Buster Keaton #14: The Frozen North (1922)

Frozen North (title)

In his shorts, Buster Keaton has been a chowderhead, a stumblebum, a naive nincompoop, and even a weaselly rapscallion. In My Wife’s Relations, he was mean, though I would argue that he’s mostly absorbing the meanness of the people around him. He’s more exasperated than actively spiteful.

Here, though, he’s despicable. Seeing a woman embrace a man from a distance, and mistaking that woman for his wife, he shoots the couple dead. Then it dawns on him that, not only has he killed two innocent people, he’s done so because he entered the wrong house. He walks away, and there are no consequences. He then makes his way to his own home, and watches his real wife fall unconscious accidentally. Not only does he not care about this, he actively pretends that she’s still conscious, to fool a mountie who smells something fishy and thinks Buster is a wife-beater. Buster’s dance with his wife’s corpse reminds me of the entire premise of Weekend at Bernie’s, only Keaton’s sequence is—thank God—much shorter.

Frozen North (dance macabre)

Buster doesn’t get any better. He opens the movie by trying to rob a saloon in the most cowardly manner possible, and spends the rest of the movie killing, trying to steal other men’s women, thieving, and causing morbid chaos. When his “nice” pitch to woo the other woman fails, he attempts to kill her husband, and then rape her. (He’s thwarted by his wife, who shoots him.) Some of the sequences are indeed funny but in the snide, blood-splattered way of a Quentin Tarantino film. Whereas Buster usually wages havoc accidentally, or at least inadvertently while trying to escape something even worse, here he’s just malevolent. The Frozen North has a black heart.

So, it’s ironic and appropriate that the film is so drenched in white—white suits, white snow, white fur of pack dogs. The pure whiteness counterbalances this sick, dirty film. Buster leaves a stain on the landscape. Actually, the sludge follows him, as he brings the grimminess of the city with him into the Yukon. The movie begins with Buster emerging from the last subway stop on the line—in Alaskan territory. Parodies of the Lincoln Highway, traffic signals, street cops, and taxi all abound in this snow-blinded rural landscape. The effect is surreal, and inventive, caught beautifully (again!) by Elgin Lessley’s crisp photography.

Frozen North (ice fishing)

There’s a method to The Frozen North’s meanness. Keaton was parodying the western films of William S. Hart, who—at the time—was vociferously accusing Keaton’s friend Roscoe Arbuckle of murder and rape. Hart was huge, a big star, iconic for his rigidly moral portrayals of western heroes, and his self-righteousness extended beyond the screen. He didn’t know Arbuckle, and he didn’t really know the case, but that didn’t stop him from calling for Arbuckle’s head. Arbuckle had essentially given Keaton his film career, and was perhaps Buster’s closest friend, and there was no way that Keaton was going to take Hart’s viciousness lying down.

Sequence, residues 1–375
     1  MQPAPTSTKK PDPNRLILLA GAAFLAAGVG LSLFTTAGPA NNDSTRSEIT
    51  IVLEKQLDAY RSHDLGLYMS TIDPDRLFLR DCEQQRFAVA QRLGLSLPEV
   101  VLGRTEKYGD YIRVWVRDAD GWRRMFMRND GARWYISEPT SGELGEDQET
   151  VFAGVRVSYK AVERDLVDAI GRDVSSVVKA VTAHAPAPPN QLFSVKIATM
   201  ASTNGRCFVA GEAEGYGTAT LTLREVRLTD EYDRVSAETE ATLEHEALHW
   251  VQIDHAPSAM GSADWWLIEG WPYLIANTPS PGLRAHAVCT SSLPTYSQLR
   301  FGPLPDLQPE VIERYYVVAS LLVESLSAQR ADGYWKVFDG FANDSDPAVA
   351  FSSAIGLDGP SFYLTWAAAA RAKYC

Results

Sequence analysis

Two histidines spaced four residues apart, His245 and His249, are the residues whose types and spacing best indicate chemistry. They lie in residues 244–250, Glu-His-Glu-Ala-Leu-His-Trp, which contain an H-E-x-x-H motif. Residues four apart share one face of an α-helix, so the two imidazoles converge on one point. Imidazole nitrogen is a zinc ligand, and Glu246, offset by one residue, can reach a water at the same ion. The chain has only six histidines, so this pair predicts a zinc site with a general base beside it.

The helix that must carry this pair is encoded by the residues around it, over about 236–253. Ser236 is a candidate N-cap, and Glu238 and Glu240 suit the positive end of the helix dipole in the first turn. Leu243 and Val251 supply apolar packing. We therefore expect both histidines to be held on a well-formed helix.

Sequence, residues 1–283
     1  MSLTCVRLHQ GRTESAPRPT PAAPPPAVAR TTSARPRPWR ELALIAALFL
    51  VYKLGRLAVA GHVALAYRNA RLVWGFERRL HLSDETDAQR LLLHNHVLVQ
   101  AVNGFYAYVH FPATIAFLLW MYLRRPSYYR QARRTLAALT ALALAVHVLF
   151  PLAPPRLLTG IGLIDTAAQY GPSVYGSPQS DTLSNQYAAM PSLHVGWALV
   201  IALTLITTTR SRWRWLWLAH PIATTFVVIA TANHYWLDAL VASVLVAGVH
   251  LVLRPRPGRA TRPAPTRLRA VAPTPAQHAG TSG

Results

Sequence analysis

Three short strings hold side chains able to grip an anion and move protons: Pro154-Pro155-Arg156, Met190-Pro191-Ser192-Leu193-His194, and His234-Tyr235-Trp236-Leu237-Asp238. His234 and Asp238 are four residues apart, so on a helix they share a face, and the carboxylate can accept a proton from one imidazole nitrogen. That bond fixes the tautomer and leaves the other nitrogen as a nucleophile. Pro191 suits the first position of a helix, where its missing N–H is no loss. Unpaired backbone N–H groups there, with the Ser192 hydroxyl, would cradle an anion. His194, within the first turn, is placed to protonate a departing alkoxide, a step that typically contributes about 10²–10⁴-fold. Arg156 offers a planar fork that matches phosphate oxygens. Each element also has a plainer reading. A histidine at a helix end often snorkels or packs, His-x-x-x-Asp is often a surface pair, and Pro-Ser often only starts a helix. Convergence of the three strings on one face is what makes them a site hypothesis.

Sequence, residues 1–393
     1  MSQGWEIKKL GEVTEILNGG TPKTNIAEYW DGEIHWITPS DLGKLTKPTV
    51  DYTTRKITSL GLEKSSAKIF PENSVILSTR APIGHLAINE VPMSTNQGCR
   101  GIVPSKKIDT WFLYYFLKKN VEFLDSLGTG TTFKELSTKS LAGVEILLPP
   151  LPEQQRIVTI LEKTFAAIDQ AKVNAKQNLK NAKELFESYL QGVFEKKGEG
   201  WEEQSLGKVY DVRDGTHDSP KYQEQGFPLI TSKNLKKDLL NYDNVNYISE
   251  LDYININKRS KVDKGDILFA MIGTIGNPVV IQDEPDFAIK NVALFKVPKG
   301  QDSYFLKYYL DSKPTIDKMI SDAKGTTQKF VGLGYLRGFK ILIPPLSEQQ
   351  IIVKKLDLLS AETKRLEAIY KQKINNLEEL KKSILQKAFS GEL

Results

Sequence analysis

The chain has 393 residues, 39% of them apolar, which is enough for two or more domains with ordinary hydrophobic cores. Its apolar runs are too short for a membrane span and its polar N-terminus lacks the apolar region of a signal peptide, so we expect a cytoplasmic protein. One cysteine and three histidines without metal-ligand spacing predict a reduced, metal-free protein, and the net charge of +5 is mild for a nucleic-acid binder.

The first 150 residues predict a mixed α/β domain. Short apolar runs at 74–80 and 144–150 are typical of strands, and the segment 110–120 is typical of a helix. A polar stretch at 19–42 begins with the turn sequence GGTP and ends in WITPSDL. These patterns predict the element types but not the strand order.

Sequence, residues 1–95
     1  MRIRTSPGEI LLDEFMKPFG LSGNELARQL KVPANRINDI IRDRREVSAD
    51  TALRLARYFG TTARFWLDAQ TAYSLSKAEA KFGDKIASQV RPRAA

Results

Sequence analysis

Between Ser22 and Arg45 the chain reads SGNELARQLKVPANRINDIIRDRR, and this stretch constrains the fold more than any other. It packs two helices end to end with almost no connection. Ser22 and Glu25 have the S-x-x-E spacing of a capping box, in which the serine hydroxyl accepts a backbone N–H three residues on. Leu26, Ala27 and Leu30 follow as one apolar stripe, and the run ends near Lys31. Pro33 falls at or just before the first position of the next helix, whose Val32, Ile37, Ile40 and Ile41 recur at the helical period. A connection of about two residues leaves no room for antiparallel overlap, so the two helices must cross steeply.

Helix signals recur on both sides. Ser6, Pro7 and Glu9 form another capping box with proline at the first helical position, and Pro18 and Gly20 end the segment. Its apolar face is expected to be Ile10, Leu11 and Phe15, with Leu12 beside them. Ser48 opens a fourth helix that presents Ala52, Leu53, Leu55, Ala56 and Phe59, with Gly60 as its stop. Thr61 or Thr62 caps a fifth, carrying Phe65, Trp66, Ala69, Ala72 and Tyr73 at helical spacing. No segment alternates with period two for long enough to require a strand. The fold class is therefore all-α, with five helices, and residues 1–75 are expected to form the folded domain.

So, The Frozen North, Keaton mocks Hart’s onscreen mannerisms, costumes, and demeanor, playing the character as the polar opposite of Hart’s screen persona. It was a big risk. Hart was bigger than Keaton—in popularity, and in influence within Hollywood. Keaton did it anyway. Arbuckle, of course, was exonerated, though his career was ruined, and he worked in cinema only behind the scene, under assumed names, from there on out. For the most part, Arbuckle was forgotten for decades, except as a trivia item about the scandal. So, in a way, Hart won.

In lieu of all this, I think we have to give The Frozen North a pass, even though meanness doesn’t suit Buster, and even though the movie ends with the cheapest, hoariest joke in all of movies. (The gag was musty even by 1922.) After all, the movie’s original audiences apparently rolled in the aisles, recognizing the Hart parody. It did what it was trying to do, and its target was a worthy one. So, in a way, Buster won, too.

About Walter Biggins

Walter Biggins is a writer based in Atlanta, GA. He is the co-author (with Daniel Couch) of Bob Mould's Workbook (Bloomsbury, 2017). His work has been published in The Quarterly Conversation, RogerEbert.com, Bookslut (RIP), The Comics Journal, The Baseball Chronicle, and other periodicals. Twitter: @walter_biggins.
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